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Promising Practices: Dental Health at Choptank Community Health System | Streamline Winter 2016

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Last summer, migrant workers attending a mobile health clinic at their camps in Maryland received something new: an oral health kit, with a toothbrush, toothpaste, and floss. The kit, and the verbal and written information on oral health that accompany it, are part of Choptank Community Health System’s new dental service expansion into the migrant camps along the Eastern Shore of Maryland. Choptank, a Federally Qualified Health Center, has provided medical services at the camps for years -- but the integration of dental services into the scope of services offered is new.

“One of our hygienists will go out to the camp with the medical crew and do an exam to identify levels of decay as ‘priority one, two, and three,’ to see if there’s any active decay or infections,” in the mouths of the migrants who come to see a medical practitioner, says Shelley Andrews, Director of Community Based Programs and Marketing at Choptank. If needed, the practitioner providing medical care at the camp that day can prescribe antibiotics or other medications related to the screening on the spot, which are later brought to the camp. Based on the screening, the team can coordinate a daytime appointment at the dental office immediately if the need is high, or at an evening migrant clinic if it can wait.  

This expansion is in line with Choptank’s longtime focus on the integration of medical and dental care, which has led Choptank to expand from just one dental site in the early 2000s to dental services at four sites across three counties, at 30 schools through nine school-based centers, in addition to outreach and screening outside the dental offices. The health center is considering a dental services expansion using a full-service dental van that can provide basic dental services at the camps for migrant and seasonal workers.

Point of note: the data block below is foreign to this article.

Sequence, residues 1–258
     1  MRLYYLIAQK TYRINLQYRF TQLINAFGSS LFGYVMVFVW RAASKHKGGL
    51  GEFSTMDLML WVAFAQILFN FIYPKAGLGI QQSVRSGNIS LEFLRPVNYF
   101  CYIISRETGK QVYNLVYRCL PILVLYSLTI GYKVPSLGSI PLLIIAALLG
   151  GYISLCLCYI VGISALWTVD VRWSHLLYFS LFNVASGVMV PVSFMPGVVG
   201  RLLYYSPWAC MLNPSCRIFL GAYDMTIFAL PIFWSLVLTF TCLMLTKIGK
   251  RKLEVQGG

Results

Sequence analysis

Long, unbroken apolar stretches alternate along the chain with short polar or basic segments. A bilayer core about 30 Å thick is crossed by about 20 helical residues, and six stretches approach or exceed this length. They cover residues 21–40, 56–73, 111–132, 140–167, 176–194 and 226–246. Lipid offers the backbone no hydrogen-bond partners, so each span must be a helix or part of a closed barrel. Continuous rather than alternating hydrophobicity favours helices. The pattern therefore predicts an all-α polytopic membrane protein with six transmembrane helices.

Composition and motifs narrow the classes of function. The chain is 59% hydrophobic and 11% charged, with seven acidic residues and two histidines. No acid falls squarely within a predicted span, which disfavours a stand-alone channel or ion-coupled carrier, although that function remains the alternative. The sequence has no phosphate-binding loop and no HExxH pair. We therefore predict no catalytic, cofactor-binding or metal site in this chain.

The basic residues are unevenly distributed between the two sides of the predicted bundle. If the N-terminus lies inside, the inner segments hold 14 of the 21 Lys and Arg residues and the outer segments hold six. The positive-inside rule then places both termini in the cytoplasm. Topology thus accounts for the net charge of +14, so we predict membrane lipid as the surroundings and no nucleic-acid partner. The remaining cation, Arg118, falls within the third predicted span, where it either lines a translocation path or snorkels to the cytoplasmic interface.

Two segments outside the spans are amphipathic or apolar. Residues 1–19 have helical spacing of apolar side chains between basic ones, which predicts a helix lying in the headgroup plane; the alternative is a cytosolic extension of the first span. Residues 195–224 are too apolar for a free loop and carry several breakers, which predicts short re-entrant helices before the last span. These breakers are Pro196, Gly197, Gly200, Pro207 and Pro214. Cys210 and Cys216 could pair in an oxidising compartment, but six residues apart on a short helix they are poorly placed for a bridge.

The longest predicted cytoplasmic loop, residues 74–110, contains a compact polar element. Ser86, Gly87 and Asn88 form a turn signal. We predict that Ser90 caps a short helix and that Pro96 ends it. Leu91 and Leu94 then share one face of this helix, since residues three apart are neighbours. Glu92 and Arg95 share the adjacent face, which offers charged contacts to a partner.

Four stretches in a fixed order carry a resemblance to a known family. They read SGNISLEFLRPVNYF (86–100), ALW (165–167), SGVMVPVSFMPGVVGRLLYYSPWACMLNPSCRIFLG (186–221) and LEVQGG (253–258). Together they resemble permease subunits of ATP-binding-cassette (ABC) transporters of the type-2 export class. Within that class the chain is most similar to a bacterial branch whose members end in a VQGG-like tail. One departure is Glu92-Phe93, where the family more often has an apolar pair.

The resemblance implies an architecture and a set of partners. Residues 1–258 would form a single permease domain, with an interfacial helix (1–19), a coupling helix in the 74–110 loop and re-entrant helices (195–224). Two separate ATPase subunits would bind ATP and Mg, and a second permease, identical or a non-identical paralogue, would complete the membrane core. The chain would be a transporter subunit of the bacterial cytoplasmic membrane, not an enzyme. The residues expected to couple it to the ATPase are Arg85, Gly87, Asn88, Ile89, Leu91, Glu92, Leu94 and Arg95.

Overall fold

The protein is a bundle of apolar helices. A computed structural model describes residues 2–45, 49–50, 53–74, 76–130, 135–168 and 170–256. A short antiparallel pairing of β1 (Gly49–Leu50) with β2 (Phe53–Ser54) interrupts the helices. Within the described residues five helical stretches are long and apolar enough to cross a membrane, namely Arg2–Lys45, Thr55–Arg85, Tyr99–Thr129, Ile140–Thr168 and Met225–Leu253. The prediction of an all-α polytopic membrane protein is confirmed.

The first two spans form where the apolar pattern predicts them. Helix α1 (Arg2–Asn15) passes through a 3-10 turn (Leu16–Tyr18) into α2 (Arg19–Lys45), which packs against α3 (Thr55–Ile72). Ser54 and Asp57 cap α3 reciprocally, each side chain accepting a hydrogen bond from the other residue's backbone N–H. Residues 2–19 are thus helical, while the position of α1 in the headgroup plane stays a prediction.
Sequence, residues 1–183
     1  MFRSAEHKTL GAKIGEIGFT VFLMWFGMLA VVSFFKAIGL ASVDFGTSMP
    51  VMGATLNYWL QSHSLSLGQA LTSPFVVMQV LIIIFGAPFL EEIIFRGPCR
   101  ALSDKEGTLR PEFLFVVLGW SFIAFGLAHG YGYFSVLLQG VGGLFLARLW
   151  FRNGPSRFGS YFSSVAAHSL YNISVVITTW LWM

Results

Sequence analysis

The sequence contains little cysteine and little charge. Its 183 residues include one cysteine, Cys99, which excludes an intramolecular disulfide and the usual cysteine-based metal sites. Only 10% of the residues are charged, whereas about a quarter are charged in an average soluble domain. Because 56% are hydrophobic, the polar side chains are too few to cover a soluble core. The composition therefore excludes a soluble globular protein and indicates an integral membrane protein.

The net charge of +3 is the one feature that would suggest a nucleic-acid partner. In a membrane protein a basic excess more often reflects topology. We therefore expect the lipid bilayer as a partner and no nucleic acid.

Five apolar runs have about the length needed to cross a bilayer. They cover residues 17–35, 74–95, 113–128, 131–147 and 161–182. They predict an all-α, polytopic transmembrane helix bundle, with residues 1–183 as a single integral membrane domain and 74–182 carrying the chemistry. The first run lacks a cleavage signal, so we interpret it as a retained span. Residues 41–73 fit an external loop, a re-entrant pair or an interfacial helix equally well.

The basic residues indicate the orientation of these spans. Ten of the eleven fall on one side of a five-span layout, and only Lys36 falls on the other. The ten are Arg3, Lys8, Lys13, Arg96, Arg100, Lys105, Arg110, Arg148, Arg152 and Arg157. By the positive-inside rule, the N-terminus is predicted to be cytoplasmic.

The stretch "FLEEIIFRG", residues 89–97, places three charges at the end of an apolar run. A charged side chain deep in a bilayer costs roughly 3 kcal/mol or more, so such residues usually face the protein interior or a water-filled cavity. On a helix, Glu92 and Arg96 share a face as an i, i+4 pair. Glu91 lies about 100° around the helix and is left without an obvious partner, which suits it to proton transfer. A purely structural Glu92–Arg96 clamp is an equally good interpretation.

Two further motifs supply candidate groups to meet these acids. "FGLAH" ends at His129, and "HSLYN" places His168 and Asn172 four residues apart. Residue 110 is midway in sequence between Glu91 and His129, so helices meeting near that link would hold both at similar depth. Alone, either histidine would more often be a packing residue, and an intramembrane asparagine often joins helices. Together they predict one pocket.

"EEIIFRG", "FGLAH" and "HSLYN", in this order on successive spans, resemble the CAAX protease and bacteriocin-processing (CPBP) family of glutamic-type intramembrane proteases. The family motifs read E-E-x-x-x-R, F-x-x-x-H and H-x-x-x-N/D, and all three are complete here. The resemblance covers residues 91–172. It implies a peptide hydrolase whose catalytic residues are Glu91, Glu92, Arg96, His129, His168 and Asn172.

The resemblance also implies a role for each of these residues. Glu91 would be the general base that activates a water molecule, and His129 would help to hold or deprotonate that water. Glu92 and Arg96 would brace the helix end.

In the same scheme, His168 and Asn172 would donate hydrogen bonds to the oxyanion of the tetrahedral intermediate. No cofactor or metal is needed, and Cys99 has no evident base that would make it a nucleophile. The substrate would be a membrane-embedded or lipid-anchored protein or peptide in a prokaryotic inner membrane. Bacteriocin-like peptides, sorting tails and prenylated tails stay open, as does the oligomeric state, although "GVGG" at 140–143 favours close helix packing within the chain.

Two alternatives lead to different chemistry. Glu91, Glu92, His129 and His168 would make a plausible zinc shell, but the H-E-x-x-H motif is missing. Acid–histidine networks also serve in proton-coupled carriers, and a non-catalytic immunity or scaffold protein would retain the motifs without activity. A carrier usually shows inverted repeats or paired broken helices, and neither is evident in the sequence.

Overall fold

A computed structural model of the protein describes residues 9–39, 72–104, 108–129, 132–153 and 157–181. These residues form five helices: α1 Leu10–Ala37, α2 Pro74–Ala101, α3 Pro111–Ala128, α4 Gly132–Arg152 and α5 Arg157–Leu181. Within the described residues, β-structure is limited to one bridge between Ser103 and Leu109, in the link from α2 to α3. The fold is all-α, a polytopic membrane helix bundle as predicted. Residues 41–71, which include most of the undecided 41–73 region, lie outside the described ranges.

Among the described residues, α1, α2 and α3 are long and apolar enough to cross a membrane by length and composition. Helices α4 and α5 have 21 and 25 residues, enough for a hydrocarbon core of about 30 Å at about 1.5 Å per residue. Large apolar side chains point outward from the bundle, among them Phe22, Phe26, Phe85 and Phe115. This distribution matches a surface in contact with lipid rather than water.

Choptank turned to dental services provision for a simple reason: because their patients needed it. “For us, it was really based on the data,” explained Sandra Garbely-Kerkovich, DMD, Senior Vice President and Chief Dental Officer at Choptank. Statewide surveys found that children living on the Eastern Shore had a higher rate of dental disease than children in Baltimore City, an area often perceived as impoverished, which surprised the health center administration. Dr. Garbely attributes the discrepancy to a shortage of providers accepting medical assistance for dental care until recently, coupled with a lack of education on oral health within the pockets of extreme poverty on the Eastern Shore. “We wanted to think about how we can reach out and do these early interventions [and] identify the general disease,” before it required an emergency room visit or surgery, Dr. Garbely said. 

Choptank responded with a comprehensive dental care program for children, starting with those who are still teething, on up until they reach adulthood.  For the youngest children, they have partnered with their local Head Start to provide preventative services and conduct federally-mandated screening.  They also provide fluoride treatments for children under five years old in three Women, Infants, and Children (WIC) offices, an important preventative measure for migrant children who may miss out on fluoridated water if they rely on well water in worker housing in agricultural settings.  Dental Program Director Lorraine Loera noted that children have excellent dental coverage up to the age of 21 through Healthy Smiles Maryland, the statewide program for children, which covers a vast array of care including dental surgery if the dental team provides preauthorization.